The Minister of Public Enterprises is standing by the government’s decision to support the ongoing negotiations about the Pacific Agreement on Closer Economic Relations (P.A.C.E.R) Plus.
Speaking during the recent P.A.C.E.R Plus Forum in Apia, Lautafi Fio Purcell, said there are many positives for Samoa.
“P.A.C.E.R Plus can provide opportunities for Samoa to enhance its capacity to trade including meeting the biosecurity and technical regulations of key trading partners; and improved customs procedures,” he said.
“The promotion of trade in services, facilitation of the movement of persons across borders to provide services temporarily; the improvements to the seasonal work programmes of Australia and New Zealand; all supported by development assistance are further opportunities that can be facilitated under the P.A.C.E.R Plus.”
The recent outreach programmes, the Minister said, are part of the final phase of P.A.C.E.R Plus negotiations, bringing an end to seven years of hard work.
“The Economy is a key priority sector in the Strategy for the Development of Samoa, recognising the importance of re-invigorating agriculture, providing an enabling business environment and continuing efforts in revitalising exports. Trade, on its own, cannot single-handedly deliver all this but it is undoubtedly an instrumental vehicle to drive Samoa’s economic growth and development,” said Lautafi.
“Samoa has continued to run a merchandise trade deficit since the 1980s with imports far exceeding the volume of our exports.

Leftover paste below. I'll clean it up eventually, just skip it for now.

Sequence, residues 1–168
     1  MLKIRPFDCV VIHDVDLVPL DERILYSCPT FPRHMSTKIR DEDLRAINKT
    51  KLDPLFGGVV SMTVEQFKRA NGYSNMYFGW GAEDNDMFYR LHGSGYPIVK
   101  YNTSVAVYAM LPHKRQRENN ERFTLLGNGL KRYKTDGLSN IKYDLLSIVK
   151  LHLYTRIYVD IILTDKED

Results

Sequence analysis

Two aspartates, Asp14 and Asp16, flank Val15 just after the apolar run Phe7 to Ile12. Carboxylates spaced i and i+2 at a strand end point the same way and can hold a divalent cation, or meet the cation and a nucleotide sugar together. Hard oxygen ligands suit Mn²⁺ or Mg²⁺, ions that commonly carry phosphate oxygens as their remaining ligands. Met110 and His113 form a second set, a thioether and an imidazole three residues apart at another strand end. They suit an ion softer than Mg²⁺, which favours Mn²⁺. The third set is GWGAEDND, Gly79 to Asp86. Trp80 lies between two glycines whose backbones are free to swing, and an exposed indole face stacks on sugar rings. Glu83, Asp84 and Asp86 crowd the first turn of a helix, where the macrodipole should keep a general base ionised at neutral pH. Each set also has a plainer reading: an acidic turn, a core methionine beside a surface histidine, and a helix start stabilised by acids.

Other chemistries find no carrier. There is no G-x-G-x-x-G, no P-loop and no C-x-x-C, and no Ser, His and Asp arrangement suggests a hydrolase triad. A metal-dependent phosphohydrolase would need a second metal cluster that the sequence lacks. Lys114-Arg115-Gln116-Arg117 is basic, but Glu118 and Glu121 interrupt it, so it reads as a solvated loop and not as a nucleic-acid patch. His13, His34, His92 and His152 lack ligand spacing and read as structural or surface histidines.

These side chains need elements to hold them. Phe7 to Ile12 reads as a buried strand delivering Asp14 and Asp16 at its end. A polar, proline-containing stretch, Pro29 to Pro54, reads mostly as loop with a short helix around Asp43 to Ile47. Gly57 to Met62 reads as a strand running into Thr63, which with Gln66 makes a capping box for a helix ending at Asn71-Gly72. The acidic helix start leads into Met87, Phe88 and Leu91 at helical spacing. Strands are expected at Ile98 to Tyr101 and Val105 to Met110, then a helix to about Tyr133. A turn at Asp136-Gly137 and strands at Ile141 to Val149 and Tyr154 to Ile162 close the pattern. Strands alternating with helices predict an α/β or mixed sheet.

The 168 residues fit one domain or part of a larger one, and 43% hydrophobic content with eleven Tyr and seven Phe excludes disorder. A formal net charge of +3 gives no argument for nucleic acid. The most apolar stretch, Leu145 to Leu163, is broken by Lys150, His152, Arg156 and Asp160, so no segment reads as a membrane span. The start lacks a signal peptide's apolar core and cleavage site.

“The Pacific continues to be Samoa’s main market for exports accounting for approximately 72% in 2015.
“The Pacific has also been traditionally the main source of imports for Samoa but now competes with imports from Asia.
“In this interdependent world that we live in, it is necessary for Samoa to deepen its economic and trade links with countries in the Pacific region.
“P.A.C.E.R Plus is expected to be the platform to facilitate regional trade aimed at ensuring the greater participation of the Forum Island Countries in regional and international trade. P.A.C.E.R Plus will create a regional market of 40 million people.” But Lautafi is also mindful about the negatives.
“At the same time, we are also mindful of the implications that P.A.C.E.R Plus may have on our economy, society and environment in the long term.
“I had the pleasure of leading Samoa’s delegation to the Special Ministerial meetings on P.A.C.E.R Plus in Christchurch last month. I can attest that trade negotiations are complex and technical.
“I am pleased to inform you that the Special Ministerial meeting on P.A.C.E.R Plus held last month in Christchurch, NZ and Australia have committed to provide A$7.7 million dollars to assist all Forum Countries who will be Signatories to the P.A.C.E.R Plus Agreement.
This package, aptly called the “Readiness Package” will be available to Forum Countries to help them prepare the reforms necessary to ratify the Agreement and benefit from its Implementation.”
P.A.C.E.R Plus promises to “stimulate economic growth and job creation by reducing trade costs of exporting goods and services; an opportunity to attract foreign investment; an opportunity to access cheaper goods for consumers and local producers.” It is being negotiated between Australia, New Zealand and the Pacific countries.
But not everyone is sold on the idea.
Papua New Guinea and Fiji for example have withdrawn altogether. Vanuatu, we understand, is considering following P.N.G and Fiji’s example.
Away from the government level, there are very strong opponents of the agreement among the civil societies; many of them have been extremely vocal in warning the Pacific representatives to proceed with caution.
Their objections seem to have found renew vigour in a recently commissioned report titled “Defending Pacific Ways of Life: A Peoples Social Impact Assessment of PACER-Plus” by the Pacific Network on Globalisation (P.A.N.G).
The report warned that P.A.C.E.R-Plus as it currently stands will have “negative impacts on health outcomes in the Pacific, would threaten the right to food security and sovereignty, undermine the ability of Pacific governments to regulate to balance commercial interest and social, environmental obligations and commitments, and have a disproportionate impact on women.”